Endophthalmitis is an inflammatory condition of the eye, specifically the intraocular cavities – inside the eye is the aqueous humor between the cornea and lens, and the vitreous humor between the lens and retina. The inflammation can be either infectious or non-infectious, though the most common cause is infection. The source can also be endogenous (another body part as the source) or exogenous (external source directly impacting the eye). The condition may be as subtle as small white nodules on the lens, iris, retina or choroid – or it can be evident inflammation of all structures in the eye with or without discharge (called exudate).
Endogenous infectious causes
Endogenous endophthalmitis can also be referred to as metastatic. The infectious agent spreads from an infection in another distant part of the body, such as the heart (endocarditis) or nervous system (meningitis). Bacteria (both Gram-negative and Gram-positive) and fungi are both potential causes, though Gram-positive bacteria are the most common bacterial strains involved, including Streptococcus species, Staphylococcus epidermidis and Staphylococcus aureus. According to studies, fungal infections may cause more than 50 percent of endogenous cases. Because of the blood-ocular barrier, the condition is rare and accounts for less than 15 percent of endophthalmitis cases according to Medscape, but when it does occur it can lead to blindness. Intravenous and intravitreal antibiotics are used against bacterial causes of the disorder.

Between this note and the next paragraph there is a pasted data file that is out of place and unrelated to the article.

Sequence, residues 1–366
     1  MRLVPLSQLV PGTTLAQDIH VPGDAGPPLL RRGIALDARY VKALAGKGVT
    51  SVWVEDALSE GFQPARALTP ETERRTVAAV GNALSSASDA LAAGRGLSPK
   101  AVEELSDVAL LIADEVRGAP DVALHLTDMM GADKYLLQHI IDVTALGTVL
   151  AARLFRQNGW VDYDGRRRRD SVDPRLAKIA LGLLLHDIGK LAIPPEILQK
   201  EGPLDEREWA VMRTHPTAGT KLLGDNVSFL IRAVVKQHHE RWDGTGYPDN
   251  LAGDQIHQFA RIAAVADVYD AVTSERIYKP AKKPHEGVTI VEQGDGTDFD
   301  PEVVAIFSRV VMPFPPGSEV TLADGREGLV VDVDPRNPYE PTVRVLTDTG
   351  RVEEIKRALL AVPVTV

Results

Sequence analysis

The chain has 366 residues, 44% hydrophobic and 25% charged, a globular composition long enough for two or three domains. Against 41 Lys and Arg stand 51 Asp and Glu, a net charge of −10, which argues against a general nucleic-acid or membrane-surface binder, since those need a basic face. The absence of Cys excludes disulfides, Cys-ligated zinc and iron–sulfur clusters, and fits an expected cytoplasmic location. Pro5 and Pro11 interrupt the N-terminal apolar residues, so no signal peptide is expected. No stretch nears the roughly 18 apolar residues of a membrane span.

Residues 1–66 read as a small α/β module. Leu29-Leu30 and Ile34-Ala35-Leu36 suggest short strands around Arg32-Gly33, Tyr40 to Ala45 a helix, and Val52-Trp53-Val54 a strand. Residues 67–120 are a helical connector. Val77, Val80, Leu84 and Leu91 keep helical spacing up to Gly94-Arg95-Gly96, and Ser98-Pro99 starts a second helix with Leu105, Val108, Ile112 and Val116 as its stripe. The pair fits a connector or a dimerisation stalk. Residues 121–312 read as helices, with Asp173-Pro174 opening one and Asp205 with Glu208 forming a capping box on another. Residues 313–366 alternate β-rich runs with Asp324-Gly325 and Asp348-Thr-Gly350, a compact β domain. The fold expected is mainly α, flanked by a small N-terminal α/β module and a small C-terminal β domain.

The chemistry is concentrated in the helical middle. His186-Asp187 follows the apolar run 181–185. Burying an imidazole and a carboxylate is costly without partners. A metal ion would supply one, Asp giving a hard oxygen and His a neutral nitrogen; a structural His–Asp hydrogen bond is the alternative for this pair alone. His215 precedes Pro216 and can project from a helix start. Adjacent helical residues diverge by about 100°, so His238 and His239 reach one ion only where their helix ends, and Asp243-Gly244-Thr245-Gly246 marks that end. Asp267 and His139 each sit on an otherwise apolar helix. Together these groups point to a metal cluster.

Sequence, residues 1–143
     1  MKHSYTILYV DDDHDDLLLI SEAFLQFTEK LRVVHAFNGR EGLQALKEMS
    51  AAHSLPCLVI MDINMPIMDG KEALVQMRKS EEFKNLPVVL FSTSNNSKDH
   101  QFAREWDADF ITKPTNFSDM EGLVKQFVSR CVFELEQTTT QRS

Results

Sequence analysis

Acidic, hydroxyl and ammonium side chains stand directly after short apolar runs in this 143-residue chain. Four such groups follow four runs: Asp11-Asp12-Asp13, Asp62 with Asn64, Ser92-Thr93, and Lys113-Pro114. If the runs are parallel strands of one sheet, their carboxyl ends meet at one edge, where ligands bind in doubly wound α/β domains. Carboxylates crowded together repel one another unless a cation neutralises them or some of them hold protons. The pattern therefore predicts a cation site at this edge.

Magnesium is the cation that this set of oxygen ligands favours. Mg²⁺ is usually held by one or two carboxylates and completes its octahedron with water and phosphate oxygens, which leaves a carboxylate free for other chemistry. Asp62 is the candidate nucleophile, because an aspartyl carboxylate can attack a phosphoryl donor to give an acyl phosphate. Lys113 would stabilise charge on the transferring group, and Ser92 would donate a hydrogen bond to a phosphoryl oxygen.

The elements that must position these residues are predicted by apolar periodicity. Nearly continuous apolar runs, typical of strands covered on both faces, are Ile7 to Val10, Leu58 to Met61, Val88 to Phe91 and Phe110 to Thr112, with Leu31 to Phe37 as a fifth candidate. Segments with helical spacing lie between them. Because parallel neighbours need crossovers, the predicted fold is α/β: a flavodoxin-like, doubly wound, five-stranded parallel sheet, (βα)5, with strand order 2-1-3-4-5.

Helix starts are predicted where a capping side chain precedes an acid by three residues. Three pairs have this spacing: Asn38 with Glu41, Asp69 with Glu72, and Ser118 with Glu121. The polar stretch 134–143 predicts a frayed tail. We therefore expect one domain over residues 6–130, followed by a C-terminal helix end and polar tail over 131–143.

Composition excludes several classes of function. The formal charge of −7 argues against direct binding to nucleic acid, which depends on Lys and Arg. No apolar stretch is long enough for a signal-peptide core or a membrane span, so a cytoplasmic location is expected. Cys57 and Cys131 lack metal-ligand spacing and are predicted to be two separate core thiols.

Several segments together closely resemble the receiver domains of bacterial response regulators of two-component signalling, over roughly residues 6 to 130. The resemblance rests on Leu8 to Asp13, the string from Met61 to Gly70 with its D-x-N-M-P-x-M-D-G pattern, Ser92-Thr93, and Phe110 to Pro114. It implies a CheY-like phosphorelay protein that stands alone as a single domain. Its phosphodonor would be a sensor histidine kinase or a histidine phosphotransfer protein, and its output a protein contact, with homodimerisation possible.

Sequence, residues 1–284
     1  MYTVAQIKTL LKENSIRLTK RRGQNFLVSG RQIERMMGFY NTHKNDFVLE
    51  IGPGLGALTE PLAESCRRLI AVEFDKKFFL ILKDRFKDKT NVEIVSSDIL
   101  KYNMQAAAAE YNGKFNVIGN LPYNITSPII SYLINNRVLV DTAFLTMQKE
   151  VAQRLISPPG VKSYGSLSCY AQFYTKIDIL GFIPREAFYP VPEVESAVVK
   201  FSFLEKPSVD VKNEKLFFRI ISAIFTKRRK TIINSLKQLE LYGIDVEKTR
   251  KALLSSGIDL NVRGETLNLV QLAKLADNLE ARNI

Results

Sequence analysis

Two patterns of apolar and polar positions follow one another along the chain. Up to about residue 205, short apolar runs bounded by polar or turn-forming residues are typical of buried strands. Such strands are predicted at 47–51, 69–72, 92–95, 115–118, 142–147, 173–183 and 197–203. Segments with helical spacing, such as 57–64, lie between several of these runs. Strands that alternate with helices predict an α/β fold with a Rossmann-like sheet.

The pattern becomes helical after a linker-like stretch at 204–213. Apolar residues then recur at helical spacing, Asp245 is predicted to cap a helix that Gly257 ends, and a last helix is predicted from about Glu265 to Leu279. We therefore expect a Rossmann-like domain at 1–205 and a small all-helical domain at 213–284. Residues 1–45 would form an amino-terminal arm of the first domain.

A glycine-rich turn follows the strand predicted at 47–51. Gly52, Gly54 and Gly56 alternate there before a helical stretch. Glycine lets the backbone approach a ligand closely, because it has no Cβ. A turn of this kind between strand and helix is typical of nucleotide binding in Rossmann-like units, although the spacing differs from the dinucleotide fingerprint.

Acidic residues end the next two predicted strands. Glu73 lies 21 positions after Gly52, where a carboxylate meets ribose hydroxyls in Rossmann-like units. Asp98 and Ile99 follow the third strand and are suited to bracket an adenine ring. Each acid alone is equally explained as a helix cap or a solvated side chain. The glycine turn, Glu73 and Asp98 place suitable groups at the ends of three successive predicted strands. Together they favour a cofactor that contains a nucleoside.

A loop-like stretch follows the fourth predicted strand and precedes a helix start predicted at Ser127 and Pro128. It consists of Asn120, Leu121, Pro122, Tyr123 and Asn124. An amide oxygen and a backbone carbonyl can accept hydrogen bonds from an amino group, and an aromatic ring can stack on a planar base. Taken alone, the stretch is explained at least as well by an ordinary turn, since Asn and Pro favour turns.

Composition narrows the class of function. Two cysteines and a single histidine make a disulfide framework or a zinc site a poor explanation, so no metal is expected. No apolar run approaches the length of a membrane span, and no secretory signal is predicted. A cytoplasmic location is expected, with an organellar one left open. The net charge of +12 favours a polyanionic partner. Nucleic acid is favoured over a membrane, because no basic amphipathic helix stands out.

Exogenous infectious causes
Exogenous endophthalmitis is caused by direct inoculation of the eye, which can occur during surgery, penetrating trauma or with the introduction of foreign bodies. Any event or procedure that compromises the eyeball structure can result in the introduction of pathogenic material, such as keratotomy. According to Medscape, post-cataract endophthalmitis is the most common exogenous form, though less than 1 percent of cataract surgeries have this complication. Less than 15 percent of penetrating intraocular trauma results in endophthalmitis. Gram-negative bacterial strains are the most common causes of infection from penetrating injury, including Pseudomonas, Escherichia coli, and Enterococcus.
Non-infectious causes of endophthalmitis
Non-infectious endophthalmitis is also called sterile endophthalmitis. Sources of inflammation in the eye can include toxic agents or retention of material (e.g., lens) after surgery. Recent therapies for eye conditions that involve intravitreal injection, such as macular degeneration, can also cause inflammation. In one case study in 2003, the inflammation was found to be caused by a cellular reaction and to resolve on its own. However, intravitreal injection can also introduce infectious agents.
Determining the cause of inflammation
Cultures of the intraocular fluid can determine for certain whether the eye inflammation is caused by a cellular reaction that may resolve on its own or the introduction of a pathogenic agent. Endophthalmitis can be caused by infectious or non-infectious culprits, and determining the source will help treat the condition. As such, the guidelines for diagnosing the condition and other similar conditions of the eye are under constant scrutiny.